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Representing Atrocity in Taiwan: The 2/28 Incident and White Terror in Fiction and Film (review)

Representing Atrocity in Taiwan: The 2/28 Incident and White Terror in Fiction and Film (review) Because For Home and Country considers such an array of propaganda tools, all of which seem to embrace/deploy stereotypes of the adversary while celebrating the righteousness of the American or British or French nuclear family, this text is an engaging one. When a reader of today encounters images such as those of postcards that use children to defame the evil enemy via adult-centric scatological humor or the various "trading" cards distributed by Black Cat cigarettes showing women performing patriotic jobs, the dangers and historical roles of such propaganda pieces resound. Kingsbury's text is a useful one for scholars whose research focus concerns any one of the major visual or textual devices or communication genres about which she writes. While those who study music, or women's fiction, or the product advertising of the nineteen-teens might feel that her treatment of these areas is incomplete, which it can't help but be in a survey such as this, what these scholars can gain from her study is a better understanding, resulting from her clear critical apparatus, of the interplay between these tools as they mutually worked to motivate Allied women and children on the home front to perform a particular role http://www.deepdyve.com/assets/images/DeepDyve-Logo-lg.png Rocky Mountain Review Rocky Mountain Modern Language Association

Representing Atrocity in Taiwan: The 2/28 Incident and White Terror in Fiction and Film (review)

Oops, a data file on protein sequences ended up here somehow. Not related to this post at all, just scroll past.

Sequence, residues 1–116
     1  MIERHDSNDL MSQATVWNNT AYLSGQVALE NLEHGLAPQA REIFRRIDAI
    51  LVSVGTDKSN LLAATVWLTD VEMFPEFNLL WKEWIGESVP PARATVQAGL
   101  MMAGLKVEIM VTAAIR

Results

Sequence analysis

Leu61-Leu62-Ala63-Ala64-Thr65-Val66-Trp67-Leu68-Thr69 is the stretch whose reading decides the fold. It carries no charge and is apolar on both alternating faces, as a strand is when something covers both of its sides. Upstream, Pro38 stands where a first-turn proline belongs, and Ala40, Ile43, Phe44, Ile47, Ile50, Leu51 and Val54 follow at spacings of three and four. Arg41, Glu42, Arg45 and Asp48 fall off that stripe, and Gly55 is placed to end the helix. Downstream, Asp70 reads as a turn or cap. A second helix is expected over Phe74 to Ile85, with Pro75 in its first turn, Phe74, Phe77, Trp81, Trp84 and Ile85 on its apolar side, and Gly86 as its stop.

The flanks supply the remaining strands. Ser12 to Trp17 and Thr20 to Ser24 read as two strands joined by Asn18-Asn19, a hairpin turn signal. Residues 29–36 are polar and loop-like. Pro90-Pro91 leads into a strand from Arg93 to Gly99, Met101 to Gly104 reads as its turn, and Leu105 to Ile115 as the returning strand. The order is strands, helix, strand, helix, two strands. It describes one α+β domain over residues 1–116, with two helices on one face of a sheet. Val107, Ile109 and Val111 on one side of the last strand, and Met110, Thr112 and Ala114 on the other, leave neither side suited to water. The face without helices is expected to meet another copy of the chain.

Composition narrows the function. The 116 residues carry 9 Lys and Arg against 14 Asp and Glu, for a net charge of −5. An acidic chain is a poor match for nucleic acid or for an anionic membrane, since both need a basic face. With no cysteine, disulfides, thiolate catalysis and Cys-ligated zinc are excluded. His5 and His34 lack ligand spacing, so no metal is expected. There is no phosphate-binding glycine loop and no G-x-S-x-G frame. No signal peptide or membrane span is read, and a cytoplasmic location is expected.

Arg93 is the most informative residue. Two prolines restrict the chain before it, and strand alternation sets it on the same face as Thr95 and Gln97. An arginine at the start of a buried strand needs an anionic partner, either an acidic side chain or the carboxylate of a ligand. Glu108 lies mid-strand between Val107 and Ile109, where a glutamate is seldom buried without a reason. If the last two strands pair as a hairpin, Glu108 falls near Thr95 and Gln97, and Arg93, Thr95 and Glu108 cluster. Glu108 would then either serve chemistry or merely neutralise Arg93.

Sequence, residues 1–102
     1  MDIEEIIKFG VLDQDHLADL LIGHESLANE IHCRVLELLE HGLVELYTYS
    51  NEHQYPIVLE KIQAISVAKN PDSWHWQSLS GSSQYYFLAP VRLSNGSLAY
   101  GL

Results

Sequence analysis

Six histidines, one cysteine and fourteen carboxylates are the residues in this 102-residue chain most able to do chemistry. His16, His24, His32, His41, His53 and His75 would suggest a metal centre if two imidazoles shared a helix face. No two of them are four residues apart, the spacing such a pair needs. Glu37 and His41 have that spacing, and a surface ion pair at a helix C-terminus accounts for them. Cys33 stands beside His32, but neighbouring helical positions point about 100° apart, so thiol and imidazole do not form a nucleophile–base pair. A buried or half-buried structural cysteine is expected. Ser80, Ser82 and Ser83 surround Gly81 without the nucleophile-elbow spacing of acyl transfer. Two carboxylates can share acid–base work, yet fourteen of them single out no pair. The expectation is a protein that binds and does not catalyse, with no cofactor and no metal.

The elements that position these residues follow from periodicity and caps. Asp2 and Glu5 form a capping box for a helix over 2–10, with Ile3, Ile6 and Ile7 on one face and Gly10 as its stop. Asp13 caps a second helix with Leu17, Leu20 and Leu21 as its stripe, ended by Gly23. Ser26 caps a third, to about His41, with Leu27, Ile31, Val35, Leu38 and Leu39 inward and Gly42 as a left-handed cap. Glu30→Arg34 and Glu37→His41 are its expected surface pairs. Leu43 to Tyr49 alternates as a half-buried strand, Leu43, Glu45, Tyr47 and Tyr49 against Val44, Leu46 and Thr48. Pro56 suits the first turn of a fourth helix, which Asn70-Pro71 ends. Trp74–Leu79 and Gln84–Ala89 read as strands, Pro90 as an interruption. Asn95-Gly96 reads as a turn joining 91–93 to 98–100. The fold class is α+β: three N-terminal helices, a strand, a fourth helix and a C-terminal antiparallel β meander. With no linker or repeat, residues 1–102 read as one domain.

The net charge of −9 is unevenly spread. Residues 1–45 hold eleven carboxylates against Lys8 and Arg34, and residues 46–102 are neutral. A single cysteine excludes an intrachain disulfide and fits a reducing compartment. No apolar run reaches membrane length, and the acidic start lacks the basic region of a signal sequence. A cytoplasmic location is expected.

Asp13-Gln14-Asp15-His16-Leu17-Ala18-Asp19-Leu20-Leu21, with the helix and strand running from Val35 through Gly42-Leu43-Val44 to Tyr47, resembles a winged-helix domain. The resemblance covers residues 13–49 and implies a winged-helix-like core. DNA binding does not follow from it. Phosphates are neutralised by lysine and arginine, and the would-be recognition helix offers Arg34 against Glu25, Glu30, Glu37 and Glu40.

Rocky Mountain Review , Volume 65 (2) – Nov 5, 2011

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Publisher
Rocky Mountain Modern Language Association
Copyright
Copyright © Rocky Mountain Modern Language Association
ISSN
1948-2833
Publisher site
See Article on Publisher Site

Abstract

Because For Home and Country considers such an array of propaganda tools, all of which seem to embrace/deploy stereotypes of the adversary while celebrating the righteousness of the American or British or French nuclear family, this text is an engaging one. When a reader of today encounters images such as those of postcards that use children to defame the evil enemy via adult-centric scatological humor or the various "trading" cards distributed by Black Cat cigarettes showing women performing patriotic jobs, the dangers and historical roles of such propaganda pieces resound. Kingsbury's text is a useful one for scholars whose research focus concerns any one of the major visual or textual devices or communication genres about which she writes. While those who study music, or women's fiction, or the product advertising of the nineteen-teens might feel that her treatment of these areas is incomplete, which it can't help but be in a survey such as this, what these scholars can gain from her study is a better understanding, resulting from her clear critical apparatus, of the interplay between these tools as they mutually worked to motivate Allied women and children on the home front to perform a particular role

Journal

Rocky Mountain ReviewRocky Mountain Modern Language Association

Published: Nov 5, 2011

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